- Maurice L. Schick – military court-martial for brutal murder; death sentence commuted to life imprisonment, with the condition that he would never be released. Legal challenge went to the Supreme Court, questioning the constitutionality of the punishment "Life Imprisonment Without Parole". Decided in Schick v. Reed that to be so sentenced was constitutional. He was not paroled.
John F. Kennedy
- First-time offenders convicted of crimes under the Narcotics Control Act of 1956 – pardoned all, in effect overturning much of the law passed by Congress.
Lyndon B. Johnson
- Frank W. Boykin – Congressman convicted of bribery; pardoned in 1964 at the request of departing Attorney General Robert F. Kennedy.
- Maurice Hutcheson – contempt of Congress; pardoned
- Jimmy Hoffa – convicted of fraud and bribery – sentence commuted (with conditions) on December 23, 1971
- Angelo DeCarlo – convicted of extortion; served 3 years; pardoned due to poor health
- William Calley – convicted of murder for his involvement in the My Lai Massacre, pardoned in 1974 after serving 3 years' house arrest
- Richard Nixon – granted a full and unconditional pardon just before he could be indicted in the Watergate scandal
- Robert E. Lee – full rights of citizenship were posthumously restored
- Iva Toguri D'Aquino – "Tokyo Rose" – only U.S. citizen convicted of treason during World War II to be pardoned
- Vietnam draft dodgers – Ford offered conditional amnesty to over 50,000 draft dodgers.
- Ernest C. Brace – pardoned of his 1961 court-martial from the United States Marine Corps in light of his almost eight years as a POW in Vietnam.
- Oscar Collazo – Attempted assassination on President Harry S. Truman; commuted to time served
- G. Gordon Liddy – Watergate figure. Convicted for 20 years, commuted after serving 4½ years for conspiracy, burglary and illegal wiretapping.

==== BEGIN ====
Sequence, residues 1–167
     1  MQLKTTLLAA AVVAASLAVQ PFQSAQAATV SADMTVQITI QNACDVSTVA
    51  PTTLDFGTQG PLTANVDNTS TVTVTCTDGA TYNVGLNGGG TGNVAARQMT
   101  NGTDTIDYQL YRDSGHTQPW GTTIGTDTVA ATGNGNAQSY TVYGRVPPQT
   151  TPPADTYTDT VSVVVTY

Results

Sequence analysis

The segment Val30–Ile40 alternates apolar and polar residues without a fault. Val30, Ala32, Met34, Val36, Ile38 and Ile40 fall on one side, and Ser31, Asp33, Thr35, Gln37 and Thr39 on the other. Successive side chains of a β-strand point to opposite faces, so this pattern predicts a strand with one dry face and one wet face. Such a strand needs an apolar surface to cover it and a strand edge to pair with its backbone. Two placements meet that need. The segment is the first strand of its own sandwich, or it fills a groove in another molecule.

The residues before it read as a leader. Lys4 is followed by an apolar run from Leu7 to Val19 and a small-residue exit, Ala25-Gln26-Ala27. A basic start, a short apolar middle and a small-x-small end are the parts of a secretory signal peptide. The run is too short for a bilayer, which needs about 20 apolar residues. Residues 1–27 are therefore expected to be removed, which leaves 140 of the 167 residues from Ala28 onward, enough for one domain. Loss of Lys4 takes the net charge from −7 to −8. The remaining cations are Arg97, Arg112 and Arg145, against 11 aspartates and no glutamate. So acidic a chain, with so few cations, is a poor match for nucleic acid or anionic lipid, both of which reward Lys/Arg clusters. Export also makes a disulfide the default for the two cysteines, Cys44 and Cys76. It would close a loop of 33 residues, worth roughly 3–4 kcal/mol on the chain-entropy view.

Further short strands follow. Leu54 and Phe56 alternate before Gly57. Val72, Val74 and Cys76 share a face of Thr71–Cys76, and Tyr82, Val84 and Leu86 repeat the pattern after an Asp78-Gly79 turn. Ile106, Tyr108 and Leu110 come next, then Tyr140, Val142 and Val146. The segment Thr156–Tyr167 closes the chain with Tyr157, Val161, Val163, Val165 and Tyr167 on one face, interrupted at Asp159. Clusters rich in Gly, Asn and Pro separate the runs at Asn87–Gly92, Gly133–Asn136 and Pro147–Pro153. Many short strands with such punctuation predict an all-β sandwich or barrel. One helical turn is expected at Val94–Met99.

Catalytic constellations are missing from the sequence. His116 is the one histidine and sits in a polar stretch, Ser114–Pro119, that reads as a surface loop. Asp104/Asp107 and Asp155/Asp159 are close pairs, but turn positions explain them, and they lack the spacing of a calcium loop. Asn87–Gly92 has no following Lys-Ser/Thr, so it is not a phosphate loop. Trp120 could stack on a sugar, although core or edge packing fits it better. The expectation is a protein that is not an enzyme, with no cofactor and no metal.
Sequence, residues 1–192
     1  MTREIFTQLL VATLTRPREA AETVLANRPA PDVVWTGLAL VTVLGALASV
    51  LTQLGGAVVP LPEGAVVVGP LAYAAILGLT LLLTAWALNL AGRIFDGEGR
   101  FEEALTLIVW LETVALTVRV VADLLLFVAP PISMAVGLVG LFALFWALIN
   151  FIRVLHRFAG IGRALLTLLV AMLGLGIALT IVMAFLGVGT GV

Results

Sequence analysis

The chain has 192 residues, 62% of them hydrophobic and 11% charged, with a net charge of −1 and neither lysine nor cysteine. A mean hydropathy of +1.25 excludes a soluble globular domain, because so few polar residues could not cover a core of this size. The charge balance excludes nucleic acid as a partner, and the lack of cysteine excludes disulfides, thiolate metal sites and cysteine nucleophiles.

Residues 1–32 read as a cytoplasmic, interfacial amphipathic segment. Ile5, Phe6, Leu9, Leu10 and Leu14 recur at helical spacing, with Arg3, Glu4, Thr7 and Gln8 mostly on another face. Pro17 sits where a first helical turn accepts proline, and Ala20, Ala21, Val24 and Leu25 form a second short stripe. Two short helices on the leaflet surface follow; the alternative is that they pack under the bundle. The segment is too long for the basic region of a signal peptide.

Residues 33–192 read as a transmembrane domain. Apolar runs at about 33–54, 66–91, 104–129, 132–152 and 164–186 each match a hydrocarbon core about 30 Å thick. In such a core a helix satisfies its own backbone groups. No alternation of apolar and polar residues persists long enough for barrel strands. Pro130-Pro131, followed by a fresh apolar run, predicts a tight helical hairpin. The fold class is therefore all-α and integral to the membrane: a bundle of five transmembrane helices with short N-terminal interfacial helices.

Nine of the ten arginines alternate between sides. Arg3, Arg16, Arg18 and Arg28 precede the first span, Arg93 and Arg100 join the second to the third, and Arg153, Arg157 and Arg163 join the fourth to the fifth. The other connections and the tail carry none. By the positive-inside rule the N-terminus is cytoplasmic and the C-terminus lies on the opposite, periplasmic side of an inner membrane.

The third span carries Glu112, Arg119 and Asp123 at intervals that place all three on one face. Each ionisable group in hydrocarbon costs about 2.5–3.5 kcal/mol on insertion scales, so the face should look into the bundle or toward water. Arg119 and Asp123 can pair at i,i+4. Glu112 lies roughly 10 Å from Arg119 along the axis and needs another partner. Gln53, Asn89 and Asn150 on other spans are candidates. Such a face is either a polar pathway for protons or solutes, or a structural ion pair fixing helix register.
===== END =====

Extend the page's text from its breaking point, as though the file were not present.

- Peter Yarrow – Singer-songwriter of Peter, Paul and Mary
- Vietnam draft dodgers – Unconditional amnesty issued in the form of a pardon
- Jefferson Davis – President of the Confederate States of America.
- Patty Hearst – Convicted of Bank Robbery; sentence commuted
- Lolita Lebrón, Rafael Cancel Miranda, Irving Flores Rodriguez – machine-gunning the U.S. House of Representatives and wounding five Congressmen in 1954; clemency
- Frederic B. Ingram-Heir from Tennessee, convicted of bribing government officials in Illinois; jailed for 16 months. His sentence was commuted by Carter in December 1980.
- W. Mark Felt and Edward S. Miller – FBI officials convicted of authorizing illegal break-ins. Mark Felt later in life admitted to being Deep Throat, the informant during the Watergate affair.
- Junior Johnson – Moonshining; pardoned
- George Steinbrenner – Was convicted of illegal Nixon campaign contributions and obstruction of justice; pardoned
- Marvin Mandel – former Governor of Maryland convicted of mail fraud and racketeering; clemency; conviction later overturned in U.S. district court.
George H. W. Bush
- For their roles in the Iran-Contra Affair
- Armand Hammer – CEO of the Occidental Petroleum Company, contributed $110,000 to the Republican National Committee just before his pardon. Pardoned for illegally contributing $54,000 to Richard Nixon's presidential campaign in 1972.
- Myra Soble – 1957 conviction for her involvement in the Rosenberg spy ring; pardoned
- Roger Clinton, Jr. – brother of Bill Clinton. After serving a year in federal prison for cocaine possession.
- Almon Glenn Braswell – convicted of mail fraud and perjury; pardoned
- Patty Hearst – Bank robbery. Prison term commuted by Jimmy Carter. She was released from prison in 1979. She was fully pardoned by Clinton in 2001.